There are people posting at TIMS for whom Poland is local. I would encourage them to go local as well. :)
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Postby cheerleader » Thu May 12, 2011 4:12 pm

Rici did go local, he lives in Poland. That's how he met Dr Simka. He is now recommending a different clinic. I met Dr. Simka at the Bologna conference and I recommended him to Erika on the boards in '09, since she lives in Slovakia--a train trip away.

I think what's important to note in Rici's case is that opening up the jugular vein, in his case, made his MS worse, because his reflux continued, even without a stenosis. I hope Rici won't mind me mentioning this, but I do believe he is in his mid-60s, and not a very young person.

His case reminds me of Dr. Chung's research into white matter lesions in the elderly due to valvular insufficiency. The veins became stretched out, and reflux occured. This is exactly what happened to Rici---the diameter of his vein grew. I worry terribly about people having valves removed, for this very reason. We do NOT know how aging effects reflux in the jugular veins, and it appears to be a problem for many. I think people need to consider this before having valves removed.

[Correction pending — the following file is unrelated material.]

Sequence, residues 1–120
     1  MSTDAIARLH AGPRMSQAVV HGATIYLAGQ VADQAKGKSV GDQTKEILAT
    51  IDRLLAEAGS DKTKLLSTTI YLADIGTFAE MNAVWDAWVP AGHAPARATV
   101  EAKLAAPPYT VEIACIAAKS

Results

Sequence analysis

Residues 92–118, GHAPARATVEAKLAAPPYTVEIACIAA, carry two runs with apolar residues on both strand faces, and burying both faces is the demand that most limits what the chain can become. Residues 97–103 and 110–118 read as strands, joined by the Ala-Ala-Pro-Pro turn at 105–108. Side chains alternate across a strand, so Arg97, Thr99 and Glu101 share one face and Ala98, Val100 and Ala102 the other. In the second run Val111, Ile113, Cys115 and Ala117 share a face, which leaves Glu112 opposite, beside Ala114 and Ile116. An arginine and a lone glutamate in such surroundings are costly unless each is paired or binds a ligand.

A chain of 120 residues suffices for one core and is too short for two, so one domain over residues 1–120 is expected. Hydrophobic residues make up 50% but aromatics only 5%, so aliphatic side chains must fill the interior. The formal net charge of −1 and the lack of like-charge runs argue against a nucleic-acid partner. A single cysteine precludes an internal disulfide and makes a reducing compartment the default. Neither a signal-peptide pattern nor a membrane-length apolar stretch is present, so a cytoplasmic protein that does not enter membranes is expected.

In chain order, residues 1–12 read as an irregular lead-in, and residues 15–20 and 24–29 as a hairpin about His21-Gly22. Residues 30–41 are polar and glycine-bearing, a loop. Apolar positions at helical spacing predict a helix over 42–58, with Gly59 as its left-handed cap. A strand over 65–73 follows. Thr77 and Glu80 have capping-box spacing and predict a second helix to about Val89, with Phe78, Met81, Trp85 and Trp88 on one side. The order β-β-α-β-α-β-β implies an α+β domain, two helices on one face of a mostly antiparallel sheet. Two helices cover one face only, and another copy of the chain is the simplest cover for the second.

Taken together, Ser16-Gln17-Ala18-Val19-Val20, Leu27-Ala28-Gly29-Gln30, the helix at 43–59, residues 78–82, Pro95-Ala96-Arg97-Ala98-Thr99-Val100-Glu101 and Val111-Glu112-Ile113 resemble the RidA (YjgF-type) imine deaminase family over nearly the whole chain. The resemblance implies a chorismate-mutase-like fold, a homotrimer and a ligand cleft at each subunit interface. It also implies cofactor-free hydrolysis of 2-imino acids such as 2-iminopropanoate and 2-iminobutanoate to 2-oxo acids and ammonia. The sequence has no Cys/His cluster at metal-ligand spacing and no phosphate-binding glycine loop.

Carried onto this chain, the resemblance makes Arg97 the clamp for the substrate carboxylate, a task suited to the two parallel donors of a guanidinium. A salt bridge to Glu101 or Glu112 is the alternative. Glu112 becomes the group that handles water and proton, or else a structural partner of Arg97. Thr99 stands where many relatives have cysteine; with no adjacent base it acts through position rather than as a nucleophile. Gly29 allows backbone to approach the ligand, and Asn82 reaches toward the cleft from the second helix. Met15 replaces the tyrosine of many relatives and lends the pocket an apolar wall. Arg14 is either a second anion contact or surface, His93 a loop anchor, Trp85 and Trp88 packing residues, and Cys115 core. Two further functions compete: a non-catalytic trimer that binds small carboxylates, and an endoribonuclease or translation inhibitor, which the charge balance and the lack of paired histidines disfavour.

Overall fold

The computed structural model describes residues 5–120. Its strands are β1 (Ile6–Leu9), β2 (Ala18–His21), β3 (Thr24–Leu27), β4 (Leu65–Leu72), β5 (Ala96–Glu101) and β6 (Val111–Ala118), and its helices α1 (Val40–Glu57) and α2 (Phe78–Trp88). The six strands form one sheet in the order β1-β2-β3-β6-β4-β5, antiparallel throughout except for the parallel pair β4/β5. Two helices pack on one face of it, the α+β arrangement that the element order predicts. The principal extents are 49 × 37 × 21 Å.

The etiology of age-related white matter changes is unclear. Cerebral white matter changes on magnetic resonance imaging (MRI) and progressive dementia have been reported in patients with dural arteriovenous fistulas of the sigmoid sinus. The frequency of jugular venous reflux, which mimics a dural arteriovenous fistula, significantly increases with age. We investigated whether jugular venous reflux was associated with the severity of age-related white matter changes in 97 persons (aged 55–90 years, mean [standard deviation]: 75.77 [8.19] years; 55 men) from a medical center memory clinic.

Methods
MRI (1.5T) and the semiquantitative Scheltens scale were used to investigate the severity of white matter changes. Subjects were classified into 3 groups (no, mild, and severe jugular venous reflux) by duplex ultrasonography.

Results